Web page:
Every story does not have a predictable ending and you’re probably expecting this one to end with a big finish. No, we didn’t make big money at the art auction, but it was first-year event and most people came to window-shop. I stood at the table for a while and watched as people walked up, stared at the pieces, and declared that they had never seen anything like it. After I explained the process they were amazed, so I believe Emmanuel might have a possible future as an artist here in the U.S. But he isn’t here. He’s still in Kumasi peddling his beautiful art on a crowded Ghanaian street to people who don’t have the money to buy it.

There is a fabulous ending to this story, but I’m not sure what it is yet. In the meantime, if you would like to buy a piece of authentic African art that is like nothing most people have ever seen, I’m selling.

My Sankofa Bird

It was a sweltering afternoon in Ankaase Village and the temperature in the schoolroom was even hotter, but at least we were shaded. The sun in Africa is like a different star than it is here: closer, brighter, with the kind of heat that reminds you how small and vulnerable you really are. I grabbed a bottle of Coke (not Diet Coke, not Coke Zero, but sugar-ladden Coke) and drank it like water. It was a gift, brought to us as part of a goodbye ceremony. We were spending our last day with the children in the SDA school – giving and receiving parting gifts, taking photos, giving short speeches, and drinking our Cokes. At the end of the ceremony, Daniel, the school headmaster and our new friend, handed Erin and I a gift: a carved bird with it’s head turned back toward it’s tail.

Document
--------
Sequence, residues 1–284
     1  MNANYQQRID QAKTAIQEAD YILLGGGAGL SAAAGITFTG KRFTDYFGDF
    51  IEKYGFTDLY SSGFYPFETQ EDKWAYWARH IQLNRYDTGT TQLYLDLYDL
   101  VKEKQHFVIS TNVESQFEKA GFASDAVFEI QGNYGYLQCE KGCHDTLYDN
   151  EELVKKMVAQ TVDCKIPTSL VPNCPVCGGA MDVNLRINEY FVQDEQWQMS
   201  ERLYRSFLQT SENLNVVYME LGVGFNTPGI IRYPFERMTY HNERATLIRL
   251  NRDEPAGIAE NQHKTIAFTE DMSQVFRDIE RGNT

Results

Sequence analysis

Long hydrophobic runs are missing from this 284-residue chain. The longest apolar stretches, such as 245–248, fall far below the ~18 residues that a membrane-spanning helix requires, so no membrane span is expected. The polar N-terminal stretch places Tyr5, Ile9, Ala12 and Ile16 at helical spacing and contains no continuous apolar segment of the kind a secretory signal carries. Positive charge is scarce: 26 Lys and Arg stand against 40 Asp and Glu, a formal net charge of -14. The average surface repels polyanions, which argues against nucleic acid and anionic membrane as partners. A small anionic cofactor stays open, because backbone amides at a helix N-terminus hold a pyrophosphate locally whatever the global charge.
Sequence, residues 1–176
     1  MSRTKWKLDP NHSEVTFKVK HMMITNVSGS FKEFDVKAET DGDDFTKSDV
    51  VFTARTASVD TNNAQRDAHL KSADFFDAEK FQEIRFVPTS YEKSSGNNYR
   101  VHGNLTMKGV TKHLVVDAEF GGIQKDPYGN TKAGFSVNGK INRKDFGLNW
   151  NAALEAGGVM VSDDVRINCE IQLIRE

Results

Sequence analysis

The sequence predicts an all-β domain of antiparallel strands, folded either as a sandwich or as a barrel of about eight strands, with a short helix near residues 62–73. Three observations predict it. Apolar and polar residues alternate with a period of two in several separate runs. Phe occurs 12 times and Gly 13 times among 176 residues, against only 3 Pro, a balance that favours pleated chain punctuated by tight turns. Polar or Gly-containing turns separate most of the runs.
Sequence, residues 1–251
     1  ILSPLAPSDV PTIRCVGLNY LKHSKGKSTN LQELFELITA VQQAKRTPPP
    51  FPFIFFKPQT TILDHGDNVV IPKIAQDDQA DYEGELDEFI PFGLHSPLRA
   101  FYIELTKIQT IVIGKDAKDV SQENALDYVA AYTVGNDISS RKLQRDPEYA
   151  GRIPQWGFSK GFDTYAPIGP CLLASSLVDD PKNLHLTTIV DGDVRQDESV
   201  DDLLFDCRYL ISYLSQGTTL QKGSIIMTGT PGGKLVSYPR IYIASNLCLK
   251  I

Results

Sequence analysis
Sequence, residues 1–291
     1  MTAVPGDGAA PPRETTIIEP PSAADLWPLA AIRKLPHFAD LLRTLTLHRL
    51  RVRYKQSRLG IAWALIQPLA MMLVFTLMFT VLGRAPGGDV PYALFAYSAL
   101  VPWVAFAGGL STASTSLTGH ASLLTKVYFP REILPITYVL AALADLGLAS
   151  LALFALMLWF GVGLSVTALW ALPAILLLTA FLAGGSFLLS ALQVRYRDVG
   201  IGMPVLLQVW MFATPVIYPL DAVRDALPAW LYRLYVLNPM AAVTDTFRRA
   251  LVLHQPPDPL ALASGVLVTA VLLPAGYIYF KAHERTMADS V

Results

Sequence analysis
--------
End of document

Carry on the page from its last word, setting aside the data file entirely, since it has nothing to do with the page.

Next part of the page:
“It’s Sankofa,” Daniel said as he handed it to me with both hands. “It means we wish you will always remember us and come back to us.” I accepted the gift, but didn’t fully understand what I had been given. I carefully packed my carved bird, brought it back to the U.S., and put it on a shelf that housed my knick-knacks. And I kind of forgot about it.

Several months ago, I began considering a return to this small village. As I continued to learn more of the children’s stories and hear of the needs that existed there, I realized that there was something else for me to do in Ankaase. Maybe more than one something. There are those seasons of life when you feel that things are completely out of your control and I am right in the middle of one of those. Everything that has happened in the past four months feels carefully orchestrated, placed, and planned. And not by me, thank you God.

Most of the time, I have difficulty discerning what is God’s idea and what is mine. I have so many good ideas, or so I think. I have so many plans that make sense to me. I work hard to orchestrate events to put these great ideas and plans into place. And I think God sits back on most days and watches with a bit of amusement. “If you want to make God laugh,” says Anne Lamott, “tell her your plans.” Whether you like the gender switch of God or not, there is truth in this. We spend a lot of time and energy working out our own deals.